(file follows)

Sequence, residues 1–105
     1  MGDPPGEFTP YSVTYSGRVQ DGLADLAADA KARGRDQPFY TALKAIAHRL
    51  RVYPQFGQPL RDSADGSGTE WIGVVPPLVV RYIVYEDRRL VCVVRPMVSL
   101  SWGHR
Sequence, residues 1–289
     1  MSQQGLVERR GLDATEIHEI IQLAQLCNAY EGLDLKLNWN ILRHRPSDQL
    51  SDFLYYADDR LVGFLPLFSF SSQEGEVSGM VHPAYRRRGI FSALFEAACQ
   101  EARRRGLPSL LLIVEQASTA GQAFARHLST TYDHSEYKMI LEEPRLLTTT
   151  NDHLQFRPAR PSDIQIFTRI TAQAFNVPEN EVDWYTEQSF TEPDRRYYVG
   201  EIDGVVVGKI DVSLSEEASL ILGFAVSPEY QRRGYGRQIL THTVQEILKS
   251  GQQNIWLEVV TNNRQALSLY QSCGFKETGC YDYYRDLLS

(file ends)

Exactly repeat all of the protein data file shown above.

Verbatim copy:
Sequence, residues 1–105
     1  MGDPPGEFTP YSVTYSGRVQ DGLADLAADA KARGRDQPFY TALKAIAHRL
    51  RVYPQFGQPL RDSADGSGTE WIGVVPPLVV RYIVYEDRRL VCVVRPMVSL
   101  SWGHR
Sequence, residues 1–289
     1  MSQQGLVERR GLDATEIHEI IQLAQLCNAY EGLDLKLNWN ILRHRPSDQL
    51  SDFLYYADDR LVGFLPLFSF SSQEGEVSGM VHPAYRRRGI FSALFEAACQ
   101  EARRRGLPSL LLIVEQASTA GQAFARHLST TYDHSEYKMI LEEPRLLTTT
   151  NDHLQFRPAR PSDIQIFTRI TAQAFNVPEN EVDWYTEQSF TEPDRRYYVG
   201  EIDGVVVGKI DVSLSEEASL ILGFAVSPEY QRRGYGRQIL THTVQEILKS
   251  GQQNIWLEVV TNNRQALSLY QSCGFKETGC YDYYRDLLS